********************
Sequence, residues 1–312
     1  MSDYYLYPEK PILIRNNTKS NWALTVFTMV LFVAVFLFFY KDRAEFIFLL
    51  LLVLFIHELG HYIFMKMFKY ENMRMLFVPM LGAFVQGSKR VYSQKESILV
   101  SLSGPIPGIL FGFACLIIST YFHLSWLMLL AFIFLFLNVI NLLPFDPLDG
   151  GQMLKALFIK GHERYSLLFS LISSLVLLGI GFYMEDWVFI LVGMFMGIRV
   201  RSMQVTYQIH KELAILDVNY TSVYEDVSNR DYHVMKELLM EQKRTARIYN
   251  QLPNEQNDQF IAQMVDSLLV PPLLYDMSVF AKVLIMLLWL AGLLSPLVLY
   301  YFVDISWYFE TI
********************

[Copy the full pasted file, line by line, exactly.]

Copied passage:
Sequence, residues 1–312
     1  MSDYYLYPEK PILIRNNTKS NWALTVFTMV LFVAVFLFFY KDRAEFIFLL
    51  LLVLFIHELG HYIFMKMFKY ENMRMLFVPM LGAFVQGSKR VYSQKESILV
   101  SLSGPIPGIL FGFACLIIST YFHLSWLMLL AFIFLFLNVI NLLPFDPLDG
   151  GQMLKALFIK GHERYSLLFS LISSLVLLGI GFYMEDWVFI LVGMFMGIRV
   201  RSMQVTYQIH KELAILDVNY TSVYEDVSNR DYHVMKELLM EQKRTARIYN
   251  QLPNEQNDQF IAQMVDSLLV PPLLYDMSVF AKVLIMLLWL AGLLSPLVLY
   301  YFVDISWYFE TI